5 Things My Clients Wish They Knew Before They Needed My Help
Real estate law is not something most homeowners or business owners think about as they go about their day-to-day business. But when a dispute with a tenant, landlord, neighbor, or the government arises, many property owners and renters find themselves scrambling to understand their rights. Here are the answers to a few of the questions I most often hear at my practice.
Can I trust the city/county/state/federal government to know and follow the law?
It would be nice if we could always count on government employees and agencies to understand Minnesota’s complicated eminent domain laws during a public works project. But unfortunately, this is not always the case. That’s why I encourage many of my clients to do their own due diligence during any eminent domain case involving the government. I often suggest hiring an independent property appraiser, surveyor, and title company to confirm that the work—and the numbers—the government presents to you is accurate and fair.
Why am I not getting my security deposit back?
Disputes between landlords and tenants aren’t going away anytime soon. One of the most common questions I get from tenants is why they haven’t received their security deposits back. Minnesota law stipulates that a tenant is obligated to leave their rental in the condition their lease stipulates—usually that’s clean and undamaged beyond normal wear and tear. If this is the case, landlords must return the deposit within 21 days or explain in writing why they are withholding the deposit.
Unpaid rent and damages beyond normal wear and tear are the most common reasons deposits are not returned. If you feel you are owed your security deposit (or if you’re a landlord who was greeted by a mess that rivals a hotel room after a rock band’s spent the night), you should seek legal help in getting your deposit back (or payment for needed repairs).
Am I entitled to compensation in the event the government seizes my property?
Under eminent domain law, property owners (and tenants) are entitled to just compensation for property the government seizes through eminent domain. Typically, this is fair market value of the property. But often, businesses can seek compensation based on the success of their business, the loss of loyal, local customers, or the value of a unique property. Homeowners, business owners, and tenants are entitled to help relocating, including hunting for a new property and moving costs.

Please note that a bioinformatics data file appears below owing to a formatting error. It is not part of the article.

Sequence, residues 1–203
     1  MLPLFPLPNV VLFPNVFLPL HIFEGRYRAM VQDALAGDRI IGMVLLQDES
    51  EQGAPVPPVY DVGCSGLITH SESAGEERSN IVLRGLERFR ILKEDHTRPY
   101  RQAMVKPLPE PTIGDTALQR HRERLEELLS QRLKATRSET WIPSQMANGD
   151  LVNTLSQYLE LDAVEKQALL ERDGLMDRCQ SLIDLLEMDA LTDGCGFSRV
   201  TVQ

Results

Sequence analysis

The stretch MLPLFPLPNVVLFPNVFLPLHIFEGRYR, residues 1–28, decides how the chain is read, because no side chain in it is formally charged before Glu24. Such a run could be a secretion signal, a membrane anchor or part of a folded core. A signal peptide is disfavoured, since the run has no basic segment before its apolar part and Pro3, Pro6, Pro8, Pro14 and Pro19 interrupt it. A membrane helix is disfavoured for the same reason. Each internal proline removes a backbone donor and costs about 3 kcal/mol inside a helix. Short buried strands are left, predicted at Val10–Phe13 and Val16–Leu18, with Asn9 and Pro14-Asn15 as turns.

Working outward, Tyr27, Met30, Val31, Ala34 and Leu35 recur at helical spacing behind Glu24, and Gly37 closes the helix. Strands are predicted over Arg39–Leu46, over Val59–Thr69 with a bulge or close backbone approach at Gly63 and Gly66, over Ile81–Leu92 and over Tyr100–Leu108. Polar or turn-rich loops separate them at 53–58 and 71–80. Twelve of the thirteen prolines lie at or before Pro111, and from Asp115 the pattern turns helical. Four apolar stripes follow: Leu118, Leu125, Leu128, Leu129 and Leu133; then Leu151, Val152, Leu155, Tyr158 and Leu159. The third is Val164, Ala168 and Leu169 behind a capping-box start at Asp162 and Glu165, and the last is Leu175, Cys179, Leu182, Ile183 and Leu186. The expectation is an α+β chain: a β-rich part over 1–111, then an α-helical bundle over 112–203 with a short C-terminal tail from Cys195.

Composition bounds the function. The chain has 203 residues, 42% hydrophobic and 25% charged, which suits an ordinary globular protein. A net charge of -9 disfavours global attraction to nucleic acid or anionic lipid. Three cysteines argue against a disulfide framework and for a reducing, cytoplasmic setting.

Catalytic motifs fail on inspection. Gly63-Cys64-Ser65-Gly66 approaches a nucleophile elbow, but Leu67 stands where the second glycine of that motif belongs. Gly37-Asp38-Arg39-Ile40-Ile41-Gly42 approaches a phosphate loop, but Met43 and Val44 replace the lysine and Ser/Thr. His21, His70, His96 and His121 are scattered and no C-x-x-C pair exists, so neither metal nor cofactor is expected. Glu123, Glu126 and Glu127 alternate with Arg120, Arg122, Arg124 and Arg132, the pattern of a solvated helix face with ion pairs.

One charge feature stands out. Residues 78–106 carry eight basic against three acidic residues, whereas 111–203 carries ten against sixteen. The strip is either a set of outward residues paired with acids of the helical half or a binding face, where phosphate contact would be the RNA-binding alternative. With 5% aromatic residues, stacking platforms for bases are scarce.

What is an easement, and what are my rights as a property owner?
An easement is a piece of land the government owns but does not occupy or possess. The most common example in the Twin Cities is the boulevard between the sidewalk and the street. Technically, the city owns this property, but you can modify and use it as you wish—until the government needs to use the land.
When the government decides it needs to use its easement to widen a road, improve a sidewalk, or replace sewer lines, it is entitled to do just that—and ask you to pay the removal of anything that impairs their ability to do so as long as it does not cause you an undue burden. So, if you’ve built raised garden beds along the boulevard and the government wants to use it to replace sewer lines, you’re responsible for removing the beds.
Am I powerless to challenge the government or my landlord?
Absolutely not. Real estate attorneys are here to help, from tenant/landlord disputes to complicated eminent domain cases involving multiple government interests. Contact Jon Morphew and the Morphew Law Office, PLLC at 612-790-9189 today for a free consultation.